History of Charleston, Arkansas

Charleston lies in the west central area of Arkansas, east of Fort Smith and the Arkansas-Oklahoma border, in the southern half of Franklin County.


Franklin County was formed in December 1837 from part of neighboring Crawford County. Charleston was first settled between 1843 and 1844, incorporated in 1874, and experienced minimal growth until 1885. In that year, Franklin County, bisected by the Arkansas River, established a second judicial district to the south of the river. In 1901, Charleston was designated as a second county seat south of the river.


Charleston's period of greatest growth came in the first two decades of the twentieth century with the founding of several coal mines in the area.

Franklin County was formed in December 1837 from part of neighboring Crawford County. Straddling the Arkansas River, travel in the large county was made difficult by the broad waterway. Charleston was settled between 1843 and 1844 by Charles Kellum and J.B. and R.C. Thaxton, and the settlement was named for Kellum. During the Civil War, several skirmishes occurred in Franklin County at Mulberry Springs, Ozark, Moffat's Station, and in Charleston itself. In 1863, Federal scouts burned nearly all of Charleston to the ground save for two residences. Charleston was rebuilt after the war and became an incorporated town in 1874.


In 1885, Franklin County was divided into two judicial districts due to the difficulties of travel across the Arkansas River.


Charleston became the center of the southern district, and was later established as a second county seat in 1901. Charleston's new designation as county seat coupled with the coming of the railroad in 1898 created a swell in Charleston's population to 650 people at the beginning of the twentieth century. Franklin County's wealth of mineral resources led to the establishment of several coal mines in the area in the first two decades of the twentieth century.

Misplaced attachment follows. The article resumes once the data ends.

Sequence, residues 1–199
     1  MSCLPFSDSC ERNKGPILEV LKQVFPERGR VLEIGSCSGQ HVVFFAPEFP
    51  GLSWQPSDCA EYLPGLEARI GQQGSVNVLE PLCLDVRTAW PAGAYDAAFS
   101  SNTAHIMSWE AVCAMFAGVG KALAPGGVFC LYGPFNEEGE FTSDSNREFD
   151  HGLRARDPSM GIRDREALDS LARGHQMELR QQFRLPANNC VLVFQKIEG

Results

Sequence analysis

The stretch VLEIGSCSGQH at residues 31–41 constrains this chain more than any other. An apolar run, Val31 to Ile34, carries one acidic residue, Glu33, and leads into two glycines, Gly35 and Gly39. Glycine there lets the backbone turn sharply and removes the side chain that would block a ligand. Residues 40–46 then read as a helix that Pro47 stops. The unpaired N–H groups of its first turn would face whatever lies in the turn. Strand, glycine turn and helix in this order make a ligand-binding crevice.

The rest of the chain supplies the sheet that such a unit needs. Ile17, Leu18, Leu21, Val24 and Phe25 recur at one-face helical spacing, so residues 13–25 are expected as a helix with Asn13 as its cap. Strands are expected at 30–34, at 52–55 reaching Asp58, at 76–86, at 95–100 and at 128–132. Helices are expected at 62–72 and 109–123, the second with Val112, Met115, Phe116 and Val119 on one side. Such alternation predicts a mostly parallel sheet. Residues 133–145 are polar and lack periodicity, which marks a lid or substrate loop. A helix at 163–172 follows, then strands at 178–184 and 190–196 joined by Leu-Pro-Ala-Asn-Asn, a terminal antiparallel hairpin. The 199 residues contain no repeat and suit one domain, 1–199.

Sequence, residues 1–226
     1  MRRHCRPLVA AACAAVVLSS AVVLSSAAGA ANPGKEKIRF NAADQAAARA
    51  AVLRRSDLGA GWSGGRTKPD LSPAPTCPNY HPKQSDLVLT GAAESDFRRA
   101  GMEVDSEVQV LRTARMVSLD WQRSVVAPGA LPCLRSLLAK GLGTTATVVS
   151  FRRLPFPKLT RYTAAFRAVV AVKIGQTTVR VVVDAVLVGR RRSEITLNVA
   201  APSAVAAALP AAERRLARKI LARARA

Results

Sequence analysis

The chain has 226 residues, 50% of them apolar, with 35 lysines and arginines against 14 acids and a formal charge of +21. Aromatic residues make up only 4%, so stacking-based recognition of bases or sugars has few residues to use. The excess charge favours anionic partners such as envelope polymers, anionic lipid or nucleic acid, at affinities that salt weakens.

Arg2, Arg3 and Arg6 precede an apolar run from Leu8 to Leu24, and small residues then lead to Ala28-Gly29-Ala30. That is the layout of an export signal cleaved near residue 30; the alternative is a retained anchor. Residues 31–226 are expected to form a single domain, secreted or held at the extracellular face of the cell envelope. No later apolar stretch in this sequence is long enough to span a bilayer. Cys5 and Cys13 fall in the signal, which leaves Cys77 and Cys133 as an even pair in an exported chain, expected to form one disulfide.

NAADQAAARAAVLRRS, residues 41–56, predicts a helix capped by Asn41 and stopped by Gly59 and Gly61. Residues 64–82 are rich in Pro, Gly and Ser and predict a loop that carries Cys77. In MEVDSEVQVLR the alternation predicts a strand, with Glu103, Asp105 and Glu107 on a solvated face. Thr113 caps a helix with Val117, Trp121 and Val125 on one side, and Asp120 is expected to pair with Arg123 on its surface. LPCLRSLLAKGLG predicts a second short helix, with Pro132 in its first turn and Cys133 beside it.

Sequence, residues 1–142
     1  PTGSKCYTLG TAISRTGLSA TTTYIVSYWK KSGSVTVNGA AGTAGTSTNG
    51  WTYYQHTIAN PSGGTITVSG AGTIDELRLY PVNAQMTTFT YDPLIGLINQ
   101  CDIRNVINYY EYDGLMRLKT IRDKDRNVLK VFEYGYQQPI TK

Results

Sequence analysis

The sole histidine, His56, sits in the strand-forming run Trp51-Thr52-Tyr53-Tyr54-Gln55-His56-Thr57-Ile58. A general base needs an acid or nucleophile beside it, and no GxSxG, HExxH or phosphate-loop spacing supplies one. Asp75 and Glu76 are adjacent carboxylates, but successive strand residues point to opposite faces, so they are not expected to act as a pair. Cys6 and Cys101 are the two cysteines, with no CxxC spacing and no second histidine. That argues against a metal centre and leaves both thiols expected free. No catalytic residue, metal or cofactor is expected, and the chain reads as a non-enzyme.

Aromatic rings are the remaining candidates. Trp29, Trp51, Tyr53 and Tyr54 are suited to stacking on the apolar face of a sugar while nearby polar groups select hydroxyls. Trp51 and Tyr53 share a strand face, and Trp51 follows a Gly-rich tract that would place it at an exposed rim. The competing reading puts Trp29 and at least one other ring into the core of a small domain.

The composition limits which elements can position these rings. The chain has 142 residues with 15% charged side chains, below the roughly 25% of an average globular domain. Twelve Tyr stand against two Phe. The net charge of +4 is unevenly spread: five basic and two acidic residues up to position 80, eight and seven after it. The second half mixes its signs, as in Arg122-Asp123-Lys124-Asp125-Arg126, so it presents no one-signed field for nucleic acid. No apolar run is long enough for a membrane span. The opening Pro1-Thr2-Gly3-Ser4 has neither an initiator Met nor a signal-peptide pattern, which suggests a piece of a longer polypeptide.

In 1900, the Charleston Express replaced The Vindicator as Charleston's newspaper, owned and operated by P. Carter and Bert McCausey. The offices of the newspaper remain on Main Street today. The new jobs created and wealth generated by the coal industry further swelled Charleston's population and generated a building boom along Charleston's Main Street.


By 1920, Charleston's population had increased to 734 and by 1923 a new courthouse had been constructed once the older courthouse had been outgrown.


Dale Bumpers, resident of Charleston and former governor of Arkansas and U.S. Senator, led an effort to restore the Franklin County Courthouse in the mid-1960s.


The Pendergrass Ford dealership opened on Charleston's Main Street around 1920 and became the primary dealer of the new automobiles in the southern half of Franklin County. The dealership later changed to a Chevrolet dealership and moved to a new location on the south side of Main Street, then became Pendergrass-Hug Chevrolet, and today Hug Chevrolet continues to operate out of the same structure.


Between 1920 and 1940, Charleston continued to grow steadily.


The population in 1930 had risen to 850 and hit 1000 in 1940. Charleston is also notable as the first town in the former Confederacy to integrate its public schools in 1954.